BP Perspective Insights from a Business Partner

How to Spot the Early Signs of a Ransomware Attack — and Take Action

Ransomware will cost the economy $20 billion in 2021 — and the legal industry is not immune from this threat. In fact, lawyers, legal staff, law firms and court systems are rich targets for cybercriminals because they are trusted with a significant amount of sensitive data.

Brad Paubel

People may think there are no signs that a ransomware attack is imminent until it is too late, but that’s not the case. Here are some of the early signals that lawyers and staff can watch for to help prevent an attack.


Ransomware attacks happen when a bad actor, a cybersecurity adversary interested in attacking information, phishes — in other words, tricks someone in an organization into clicking on a link or downloading a file that then installs a virus on their computer. It can involve hundreds of attempts against any users on a given network. The frightening part is only one attempt needs to work for the attack to be successful. Once downloaded, the malware will start to encrypt all the files on that individual’s computer — and then move on to any connected system.

Users will eventually receive a ransom demand asking for payment of a certain amount of money — usually in bitcoin or another untraceable cryptocurrency — to decrypt the data. Previously, paying the ransom would solve the problem. More recently, however, bad actors have taken payments and unlocked files but kept the data for sale on the so-called dark web. (They are, after all, criminals.) This outcome is another reason why spotting the early signs of a ransomware attack in the first place is so important.


These are the common warning signs of an imminent ransomware attack that a firm should educate lawyers and staff to watch for:

  • An increase in phishing attempts: If a firm’s employees start noticing a significant uptick in spam emails, that could be a sign bad actors are looking for ways to plant malware. Since it only takes one person clicking on a bad link or mistakenly downloading a virus-laden file to potentially infect an entire network, any increase in phishing attempts should immediately set off alarm bells.
  • Unauthorized access alerts: A firm’s network administrator may see an increase in unauthorized access attempt notifications. Individuals could also receive emails letting them know someone has tried to reset their passwords. These attempts at your network access could indicate a ransomware attack is underway.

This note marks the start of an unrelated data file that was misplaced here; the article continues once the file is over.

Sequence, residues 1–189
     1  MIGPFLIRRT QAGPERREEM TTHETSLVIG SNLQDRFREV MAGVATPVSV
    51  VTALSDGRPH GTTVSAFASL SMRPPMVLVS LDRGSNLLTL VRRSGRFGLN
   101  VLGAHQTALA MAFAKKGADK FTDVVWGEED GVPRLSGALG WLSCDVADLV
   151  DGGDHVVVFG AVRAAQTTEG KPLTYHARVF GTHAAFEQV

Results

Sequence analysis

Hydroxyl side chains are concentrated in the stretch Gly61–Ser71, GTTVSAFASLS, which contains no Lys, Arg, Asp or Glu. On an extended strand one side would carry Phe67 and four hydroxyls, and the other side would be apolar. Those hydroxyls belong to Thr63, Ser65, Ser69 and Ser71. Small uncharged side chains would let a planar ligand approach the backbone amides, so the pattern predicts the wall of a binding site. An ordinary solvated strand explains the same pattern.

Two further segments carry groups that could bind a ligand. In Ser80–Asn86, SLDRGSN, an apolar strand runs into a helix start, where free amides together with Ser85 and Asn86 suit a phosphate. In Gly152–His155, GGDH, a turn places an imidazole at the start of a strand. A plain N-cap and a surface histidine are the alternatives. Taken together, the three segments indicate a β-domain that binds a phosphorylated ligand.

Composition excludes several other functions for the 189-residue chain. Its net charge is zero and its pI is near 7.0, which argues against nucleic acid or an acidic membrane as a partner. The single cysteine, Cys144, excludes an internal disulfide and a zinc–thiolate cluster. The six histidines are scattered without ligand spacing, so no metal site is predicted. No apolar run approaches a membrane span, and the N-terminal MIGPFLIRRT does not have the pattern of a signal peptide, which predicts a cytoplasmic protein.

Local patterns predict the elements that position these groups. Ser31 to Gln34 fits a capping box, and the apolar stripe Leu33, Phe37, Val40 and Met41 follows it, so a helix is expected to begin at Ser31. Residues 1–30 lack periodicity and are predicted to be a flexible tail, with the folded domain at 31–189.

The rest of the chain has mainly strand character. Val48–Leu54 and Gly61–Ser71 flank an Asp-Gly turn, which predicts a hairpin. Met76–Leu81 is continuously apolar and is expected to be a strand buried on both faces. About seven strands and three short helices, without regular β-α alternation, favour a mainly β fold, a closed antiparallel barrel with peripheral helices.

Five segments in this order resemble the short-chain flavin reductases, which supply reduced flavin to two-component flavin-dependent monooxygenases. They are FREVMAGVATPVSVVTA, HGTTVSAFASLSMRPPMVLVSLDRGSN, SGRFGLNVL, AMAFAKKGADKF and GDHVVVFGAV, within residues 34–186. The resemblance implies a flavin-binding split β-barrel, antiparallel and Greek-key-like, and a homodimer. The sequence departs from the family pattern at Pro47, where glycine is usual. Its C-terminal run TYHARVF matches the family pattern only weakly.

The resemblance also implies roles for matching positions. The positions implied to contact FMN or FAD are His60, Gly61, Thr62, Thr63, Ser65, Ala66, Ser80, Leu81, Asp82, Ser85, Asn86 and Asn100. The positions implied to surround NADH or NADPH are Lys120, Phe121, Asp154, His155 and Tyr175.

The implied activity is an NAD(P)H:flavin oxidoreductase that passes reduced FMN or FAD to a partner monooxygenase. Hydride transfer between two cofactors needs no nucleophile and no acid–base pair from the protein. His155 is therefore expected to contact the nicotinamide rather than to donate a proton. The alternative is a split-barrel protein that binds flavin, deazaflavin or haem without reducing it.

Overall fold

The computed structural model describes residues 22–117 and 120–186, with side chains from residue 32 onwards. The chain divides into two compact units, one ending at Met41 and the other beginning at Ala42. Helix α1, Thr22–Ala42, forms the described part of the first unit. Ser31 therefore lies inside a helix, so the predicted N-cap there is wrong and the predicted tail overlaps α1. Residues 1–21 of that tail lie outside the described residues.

“Previously, paying the ransom would solve the problem. More recently, however, bad actors have taken payments but unlocked files and kept the data for sale on the so-called dark web.” 
  • Virus protection alerts: If a bad actor is trying to place malware on someone’s computer, any installed virus protection software may raise an alert and block the program from running. Having up-to-date antivirus software is an excellent idea as it provides the first line of defense.
  • Scrambled file names or contents: When malware encrypts the data on a computer, it will often scramble the names of files or make it so these files cannot be opened. If a user is looking at their drive and notices their usual file names have been replaced with unrecognizable gibberish, that could be the early stage of a ransomware hack.
  • Computers locking up: Malware can interfere with a computer’s operating software, and that will cause performance issues, including system freezes. If these start to happen out of nowhere, ransomware could be the culprit.
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Everyone in a law firm should be trained to recognize the early signs of a ransomware attack. There are tools available that will send fake phishing emails to simulate a ransomware attack, test for vulnerabilities and provide valuable information to use in adapting training efforts around common pitfalls.

Any initial sign of a ransomware attack should prompt a user to immediately disconnect from the law firm’s IT network by removing both hardwired (LAN) connections and Wi-Fi access. Once it’s completely disconnected from any other system, the computer can be assessed for possible damage. There are services that will do this, but if cost is an issue, software is also available. However, any trace of the malware must be found and removed, or it will just spread again.

In addition to training staff and lawyers on how to recognize a ransomware attack and what to do if they suspect it’s happening, a firm should regularly back up all its data — preferably to the cloud or an off-site location. That way, if there is an attack, a clean backup is available to reinstall once every trace of malware is removed from the on-site systems. Cloud backup services also regularly scan data for known malware and other viruses, and this acts as a stopgap to any measures a firm has in place.


Ransomware attacks against law firms are only going to increase. Sooner or later, a phishing attempt will sneak in. That’s why everyone should know to watch for the early signs of an infection and how to respond to mitigate potential damage.